Mirai by Mamoru Hosoda: Lessons To Be Learned
- Written by Vassilis Kroustallis
The latest feature film by Summer Wars director Mamoru Hosoda is a gentle family comedy of manners, which really takes off at the film's final reels.
This may not be one of Hosoda's more fantasmagoric works, but Mirai (produced by Studio Chizu) it is intimate and somehow familiar to all.
Kun, a 4-year-old boy (Moka Kamishiraishi makes for an impeccable performance) is justifiably concerned about the coming of his new-born sister, Mirai at the household. His father (Gen Hoshino) is an architect, and has made their home to look like an apartment ready to leap through time, whereas his mother (Kumiko Aso) somehow is always irritable, and blames her household-incompetent husband for everything. Then, the adorable Mirai arrives, in a country house where both Kun and Yekko the dog, used to have their own priorities.
A family story like all others (but still with a gentle comedy all around it), Mirai has almost the wrong title. It's actually Kun's story all along: an energetic boy with the love of bullet trains, but who cannot even learn to ride his own bicycle without even making a fuss all over the park. Kun is the strongest (but sometimes too irritating) character in Mirai, and his attempts to adapt his baby sister to his own habits end in disaster. Then, a sort of semi-miracle happens and both his dog, and his (now teenager) sister come along to tell him how to look at the bigger picture -where petty jealousy and egoism is only too shallow to live all along.
Future here is not the means to superpower activities: Mirai cannot be at both present and future simultaneously, and this creates a lot of comic episodes when things have to be coordinated. Doll love and the Japanese knack for rituals are more than adequately parodied in the "dissasemble the dolls' incident.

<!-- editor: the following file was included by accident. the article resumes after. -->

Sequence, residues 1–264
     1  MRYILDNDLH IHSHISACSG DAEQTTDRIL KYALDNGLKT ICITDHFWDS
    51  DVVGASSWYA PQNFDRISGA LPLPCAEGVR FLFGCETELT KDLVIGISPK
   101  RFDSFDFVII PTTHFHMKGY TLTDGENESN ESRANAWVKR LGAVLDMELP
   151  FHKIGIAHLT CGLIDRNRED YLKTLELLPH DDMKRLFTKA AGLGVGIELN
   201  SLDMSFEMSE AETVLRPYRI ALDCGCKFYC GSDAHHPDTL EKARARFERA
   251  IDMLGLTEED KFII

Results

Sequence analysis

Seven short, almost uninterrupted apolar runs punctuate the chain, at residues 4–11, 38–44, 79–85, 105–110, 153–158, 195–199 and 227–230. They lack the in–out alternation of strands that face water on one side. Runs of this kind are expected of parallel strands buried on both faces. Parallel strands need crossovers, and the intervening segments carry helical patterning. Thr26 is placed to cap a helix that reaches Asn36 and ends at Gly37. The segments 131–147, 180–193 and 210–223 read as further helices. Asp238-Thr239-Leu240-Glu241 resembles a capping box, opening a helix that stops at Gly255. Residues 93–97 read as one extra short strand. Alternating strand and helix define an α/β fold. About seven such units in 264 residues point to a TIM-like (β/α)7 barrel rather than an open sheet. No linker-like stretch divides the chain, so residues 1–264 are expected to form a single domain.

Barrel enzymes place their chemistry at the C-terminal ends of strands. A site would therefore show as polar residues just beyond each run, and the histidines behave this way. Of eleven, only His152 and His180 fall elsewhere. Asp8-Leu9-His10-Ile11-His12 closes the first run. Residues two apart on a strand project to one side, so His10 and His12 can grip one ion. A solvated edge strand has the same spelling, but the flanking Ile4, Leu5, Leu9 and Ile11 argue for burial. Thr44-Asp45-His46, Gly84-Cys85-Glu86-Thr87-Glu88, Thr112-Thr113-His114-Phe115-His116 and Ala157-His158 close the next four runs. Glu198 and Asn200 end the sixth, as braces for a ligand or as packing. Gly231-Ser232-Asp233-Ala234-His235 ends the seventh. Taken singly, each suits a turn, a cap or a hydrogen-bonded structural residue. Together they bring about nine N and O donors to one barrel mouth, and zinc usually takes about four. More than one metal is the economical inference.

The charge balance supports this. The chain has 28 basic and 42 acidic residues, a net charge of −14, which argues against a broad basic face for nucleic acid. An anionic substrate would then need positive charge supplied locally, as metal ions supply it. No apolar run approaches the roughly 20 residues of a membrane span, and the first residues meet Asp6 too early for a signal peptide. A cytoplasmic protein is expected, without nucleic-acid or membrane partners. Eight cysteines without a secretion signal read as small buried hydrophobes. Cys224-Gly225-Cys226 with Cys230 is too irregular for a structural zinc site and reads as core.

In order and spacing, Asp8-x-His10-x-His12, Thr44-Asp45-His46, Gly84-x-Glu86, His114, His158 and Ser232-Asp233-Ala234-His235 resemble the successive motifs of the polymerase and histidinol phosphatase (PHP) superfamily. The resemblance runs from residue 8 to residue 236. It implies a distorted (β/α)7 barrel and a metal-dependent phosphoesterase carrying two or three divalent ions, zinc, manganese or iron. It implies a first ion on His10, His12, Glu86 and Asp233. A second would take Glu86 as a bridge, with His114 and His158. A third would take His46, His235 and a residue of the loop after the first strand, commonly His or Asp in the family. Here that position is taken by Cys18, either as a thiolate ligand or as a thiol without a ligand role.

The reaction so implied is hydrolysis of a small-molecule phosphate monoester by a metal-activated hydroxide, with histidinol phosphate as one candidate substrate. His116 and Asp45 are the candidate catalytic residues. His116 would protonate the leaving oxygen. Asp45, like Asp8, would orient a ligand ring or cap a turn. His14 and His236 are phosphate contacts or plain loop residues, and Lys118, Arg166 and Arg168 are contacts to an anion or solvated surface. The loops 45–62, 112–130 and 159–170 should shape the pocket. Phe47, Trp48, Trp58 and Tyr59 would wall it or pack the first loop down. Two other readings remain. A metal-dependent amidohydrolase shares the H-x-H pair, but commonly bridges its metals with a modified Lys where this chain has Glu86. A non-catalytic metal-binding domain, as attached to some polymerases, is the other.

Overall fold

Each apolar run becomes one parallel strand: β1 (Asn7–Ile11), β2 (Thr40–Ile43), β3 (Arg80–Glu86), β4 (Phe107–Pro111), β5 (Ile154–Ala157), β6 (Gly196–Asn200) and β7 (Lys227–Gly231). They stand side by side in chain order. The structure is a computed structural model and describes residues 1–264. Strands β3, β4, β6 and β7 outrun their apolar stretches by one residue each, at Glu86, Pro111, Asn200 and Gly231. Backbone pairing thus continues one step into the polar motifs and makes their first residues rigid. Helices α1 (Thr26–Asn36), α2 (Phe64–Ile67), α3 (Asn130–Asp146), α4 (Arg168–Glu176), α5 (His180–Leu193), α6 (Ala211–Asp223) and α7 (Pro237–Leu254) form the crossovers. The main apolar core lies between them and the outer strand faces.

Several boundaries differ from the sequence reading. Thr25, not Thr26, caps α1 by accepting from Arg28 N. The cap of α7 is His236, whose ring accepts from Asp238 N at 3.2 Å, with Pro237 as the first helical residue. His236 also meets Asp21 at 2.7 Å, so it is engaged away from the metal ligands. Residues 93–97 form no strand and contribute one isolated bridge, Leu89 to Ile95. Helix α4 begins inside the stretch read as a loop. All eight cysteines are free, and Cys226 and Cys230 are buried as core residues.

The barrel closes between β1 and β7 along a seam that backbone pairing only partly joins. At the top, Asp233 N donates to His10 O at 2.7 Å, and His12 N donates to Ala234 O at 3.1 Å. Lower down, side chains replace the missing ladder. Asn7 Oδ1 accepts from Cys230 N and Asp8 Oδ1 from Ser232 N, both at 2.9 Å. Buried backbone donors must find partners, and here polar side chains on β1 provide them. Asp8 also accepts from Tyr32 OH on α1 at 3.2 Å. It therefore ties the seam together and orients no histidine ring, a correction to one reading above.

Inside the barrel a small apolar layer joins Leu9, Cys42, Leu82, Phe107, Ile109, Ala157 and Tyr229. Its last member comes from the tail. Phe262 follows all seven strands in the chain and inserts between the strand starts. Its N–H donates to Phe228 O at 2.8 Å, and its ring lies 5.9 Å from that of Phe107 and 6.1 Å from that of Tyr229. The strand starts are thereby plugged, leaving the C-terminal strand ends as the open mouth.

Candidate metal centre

Kun and Mirai are only the siblings of a big family, which extends back to WWII, and also includes an engineer grandpa with a disability acquired during this time. A first journey to the future is accompanied with a second journey (in a fish-filled sequence) to Kun's mother past. The episodic structure of the film works as a (sometimes predictable) caleidoscope of moods and problems; these defy those that Kun has to face in his daily worries, like being escorted by his father at school). Colors and mood change from realistic to present sense to more nostalgic palette in the WWII scenes, but also turn to a futuristic environment in the magnificent Tokyo Metro scene.
In a film dealing with time travel, preoccupation with transport is the most natural assortment . Nowhere is this more evident than when Kun decides to board his favorite train to go to Tokyo, where nameless (inability to remember your great-grandpa's name) means being abandoned. Nightmares could become true if bonds are not acknowledged as such. In a nod to Frank Capra's counterfactuals in It's A Wonderful Life, Kun gets to know what it is to live outside his own family bonds.
Animation is here more than able to follow the restless Kun's restless face movements, and crying is so exaggeratingly done in order to secure those laughs. Mirai has some fine-tuned family stories to say (especially the way mum and dad still struggle with traditional family roles in Japan). Without being groundbreaking, and still firmly rooted in family past as a key to individual future, it provides a wormhole to look further away than your own courtyard.